You might want to check out the farmers’ market in your area.
Many of these local people don’t use synthetic fertiliser, especially if they farm in an organic way. At least in part because of the war in Ukraine, the price of synthetic fertiliser has gone through the roof this year. Farmers are sometimes paying three or four times what they would have paid in 2020.
Several organic farmers who sell at farmers markets recently told the Chicago Sun Times that their prices will stay the same as last year because they were able to avoid that spike.
I’ve found that the prices at farmers’ markets are fair and sometimes even cheaper than those at regular grocery stores. This year, local farmers have had to deal with high fuel prices and other costs that have gone up. They also have to deal with bad weather because of climate change, but they will still be around. So even if their prices go up, you can still get good deals on fresh, healthy, local foods.
Just call it “food security.”
More than 15 years ago, Margaret Krome of the Michael Fields Agricultural Institute used this term during the Future of Farming and Rural Life in Wisconsin study. At that time, the local and regional foods movement in Wisconsin and across the country was just getting started. Krome and other people said that our food systems needed more variety, which could be thought of as a form of security. They argued for programmes that would help promote local foods and change government policies. These programmes would cost a tiny amount of money compared to the billions that the government gives to big agriculture.
One direct result of the Future of Farming study, which was funded by the Wisconsin Academy of Sciences, Arts, and Letters, was a change that let small, regional meat processors use state inspectors to sell across state lines, which is a big deal where there are lots of cities. Local foods were also a focus of the study and the ones that came after it. We’ve seen more and more programmes that help local farmers, restaurants, schools, and other institutions work together and connect with each other. The Natural Resources Conservation Service of the U.S. Department of Agriculture gave grants to small farmers to help them build high tunnel greenhouses.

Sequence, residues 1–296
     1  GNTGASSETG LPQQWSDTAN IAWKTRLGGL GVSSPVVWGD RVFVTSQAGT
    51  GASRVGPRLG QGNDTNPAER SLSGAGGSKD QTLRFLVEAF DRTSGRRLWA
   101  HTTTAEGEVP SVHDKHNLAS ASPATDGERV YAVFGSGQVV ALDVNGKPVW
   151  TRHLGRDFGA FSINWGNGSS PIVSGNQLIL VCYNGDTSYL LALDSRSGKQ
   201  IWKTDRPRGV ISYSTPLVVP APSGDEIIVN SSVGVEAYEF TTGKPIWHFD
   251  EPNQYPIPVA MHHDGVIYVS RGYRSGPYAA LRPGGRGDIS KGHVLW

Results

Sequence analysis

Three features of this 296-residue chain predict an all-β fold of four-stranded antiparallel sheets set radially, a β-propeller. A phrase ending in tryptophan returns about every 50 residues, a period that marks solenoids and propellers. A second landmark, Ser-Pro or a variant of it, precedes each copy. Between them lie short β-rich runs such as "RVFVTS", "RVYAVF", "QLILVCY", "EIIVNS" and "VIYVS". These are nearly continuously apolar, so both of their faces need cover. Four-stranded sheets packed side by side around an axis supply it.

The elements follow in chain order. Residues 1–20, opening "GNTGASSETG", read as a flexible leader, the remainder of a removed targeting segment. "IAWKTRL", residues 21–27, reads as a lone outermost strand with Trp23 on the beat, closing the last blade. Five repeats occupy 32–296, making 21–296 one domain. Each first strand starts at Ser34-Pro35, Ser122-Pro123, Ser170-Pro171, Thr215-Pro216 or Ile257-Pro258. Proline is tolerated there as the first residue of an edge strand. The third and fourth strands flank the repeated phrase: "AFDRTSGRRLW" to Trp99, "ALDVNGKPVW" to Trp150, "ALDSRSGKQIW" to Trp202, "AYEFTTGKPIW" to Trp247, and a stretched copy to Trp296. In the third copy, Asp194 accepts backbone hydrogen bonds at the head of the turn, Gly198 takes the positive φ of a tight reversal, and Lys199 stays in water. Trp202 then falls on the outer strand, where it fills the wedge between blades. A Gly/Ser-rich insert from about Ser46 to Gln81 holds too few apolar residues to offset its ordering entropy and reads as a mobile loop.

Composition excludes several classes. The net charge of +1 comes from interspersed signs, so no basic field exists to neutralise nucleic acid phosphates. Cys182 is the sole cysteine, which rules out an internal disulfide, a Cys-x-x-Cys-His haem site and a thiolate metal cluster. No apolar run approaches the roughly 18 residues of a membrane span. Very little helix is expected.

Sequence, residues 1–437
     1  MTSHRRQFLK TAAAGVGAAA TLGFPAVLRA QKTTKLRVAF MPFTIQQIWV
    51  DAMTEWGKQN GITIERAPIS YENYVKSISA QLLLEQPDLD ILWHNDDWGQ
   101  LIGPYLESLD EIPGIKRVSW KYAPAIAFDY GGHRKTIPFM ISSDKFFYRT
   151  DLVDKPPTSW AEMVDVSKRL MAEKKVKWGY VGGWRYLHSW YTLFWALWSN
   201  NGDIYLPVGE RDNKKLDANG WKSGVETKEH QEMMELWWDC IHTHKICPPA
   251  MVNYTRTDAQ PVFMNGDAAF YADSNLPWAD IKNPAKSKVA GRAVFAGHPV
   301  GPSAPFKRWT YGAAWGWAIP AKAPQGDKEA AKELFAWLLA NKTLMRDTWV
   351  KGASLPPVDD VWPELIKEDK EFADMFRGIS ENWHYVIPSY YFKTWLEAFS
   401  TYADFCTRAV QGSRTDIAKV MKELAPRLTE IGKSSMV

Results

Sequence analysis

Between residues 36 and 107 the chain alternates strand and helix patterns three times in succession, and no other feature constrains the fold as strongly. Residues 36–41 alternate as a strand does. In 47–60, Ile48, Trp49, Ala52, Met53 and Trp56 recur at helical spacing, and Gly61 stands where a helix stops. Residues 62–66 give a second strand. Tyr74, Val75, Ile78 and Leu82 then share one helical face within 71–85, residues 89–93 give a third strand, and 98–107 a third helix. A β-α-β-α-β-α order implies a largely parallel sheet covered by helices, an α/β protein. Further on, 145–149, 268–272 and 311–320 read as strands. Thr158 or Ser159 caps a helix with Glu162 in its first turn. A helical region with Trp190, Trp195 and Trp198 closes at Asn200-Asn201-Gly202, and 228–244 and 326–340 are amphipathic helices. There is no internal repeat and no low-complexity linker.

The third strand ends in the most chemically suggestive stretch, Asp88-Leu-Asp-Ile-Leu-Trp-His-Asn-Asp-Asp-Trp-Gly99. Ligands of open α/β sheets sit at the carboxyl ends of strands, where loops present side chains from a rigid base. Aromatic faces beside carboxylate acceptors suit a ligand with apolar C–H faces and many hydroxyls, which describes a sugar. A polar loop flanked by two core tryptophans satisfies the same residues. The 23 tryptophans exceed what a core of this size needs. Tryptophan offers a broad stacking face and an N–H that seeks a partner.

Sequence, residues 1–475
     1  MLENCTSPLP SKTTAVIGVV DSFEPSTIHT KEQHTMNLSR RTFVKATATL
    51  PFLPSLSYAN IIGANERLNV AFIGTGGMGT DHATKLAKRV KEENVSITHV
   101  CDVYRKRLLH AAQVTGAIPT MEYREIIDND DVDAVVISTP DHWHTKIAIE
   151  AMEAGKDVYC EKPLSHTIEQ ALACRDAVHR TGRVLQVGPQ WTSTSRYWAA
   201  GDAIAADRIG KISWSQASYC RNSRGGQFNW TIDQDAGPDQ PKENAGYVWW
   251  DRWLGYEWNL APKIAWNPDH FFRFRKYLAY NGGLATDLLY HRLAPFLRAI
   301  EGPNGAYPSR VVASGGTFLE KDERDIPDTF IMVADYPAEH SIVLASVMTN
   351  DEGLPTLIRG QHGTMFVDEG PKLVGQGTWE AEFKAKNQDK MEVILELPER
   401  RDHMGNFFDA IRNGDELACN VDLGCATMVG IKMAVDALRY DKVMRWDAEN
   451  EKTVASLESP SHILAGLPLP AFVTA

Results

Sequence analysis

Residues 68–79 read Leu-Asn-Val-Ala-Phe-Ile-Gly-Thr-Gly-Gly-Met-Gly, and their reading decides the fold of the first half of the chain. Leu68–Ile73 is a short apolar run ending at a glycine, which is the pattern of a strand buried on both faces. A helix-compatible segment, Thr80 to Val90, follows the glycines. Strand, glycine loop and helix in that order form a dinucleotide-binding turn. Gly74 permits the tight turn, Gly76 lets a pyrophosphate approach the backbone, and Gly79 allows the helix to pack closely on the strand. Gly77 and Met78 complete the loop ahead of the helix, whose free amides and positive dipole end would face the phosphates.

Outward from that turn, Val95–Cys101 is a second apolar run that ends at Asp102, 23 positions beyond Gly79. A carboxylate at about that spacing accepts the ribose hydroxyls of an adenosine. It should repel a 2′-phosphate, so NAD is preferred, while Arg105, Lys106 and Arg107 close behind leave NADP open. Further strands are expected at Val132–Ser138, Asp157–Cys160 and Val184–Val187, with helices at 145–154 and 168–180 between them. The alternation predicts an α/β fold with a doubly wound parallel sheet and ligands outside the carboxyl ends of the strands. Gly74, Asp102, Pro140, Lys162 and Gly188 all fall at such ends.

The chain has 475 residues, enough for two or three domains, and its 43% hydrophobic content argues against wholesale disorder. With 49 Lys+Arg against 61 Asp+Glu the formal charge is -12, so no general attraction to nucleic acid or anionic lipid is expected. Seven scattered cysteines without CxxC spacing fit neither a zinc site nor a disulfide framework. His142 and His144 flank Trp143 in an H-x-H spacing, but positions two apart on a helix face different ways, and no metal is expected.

Local and regional food systems have grown a lot in the past 25 years. While local, state, and federal governments have helped in some ways, most of this growth has come from the ground up. Local and regional food systems haven’t gotten much help compared to other programmes that help farms.
Farmers’ markets may be the most obvious way that local and regional food systems can be seen, but they’re not the whole story. On-farm sales, farms that sell directly to institutions, and farms that offer community-supported agriculture are all on the rise.
It shouldn’t come as a big surprise that local foods are now sold in corporate grocery stores. Studies show that most of the growth in local foods has come from these middle markets and not from direct sales to consumers. There are also new groups called “food hubs” that help local farmers work together to serve bigger markets.
Still, the best place in Wisconsin to see what local foods look like is at a farmer’s market. The state Department of Tourism says that there are more than 300 of them in Wisconsin.
If you get to know the farmers who sell directly to consumers, you’ll also notice that they are mostly young. Sustainable food production is now a major at many universities, and young farmers today are pros at networking and marketing.
But they often don’t have enough money to buy or rent the land and buildings they need to run their businesses.
As we’ve shown, providing even a modest amount of assistance to local farmers can have a significant impact on their livelihood.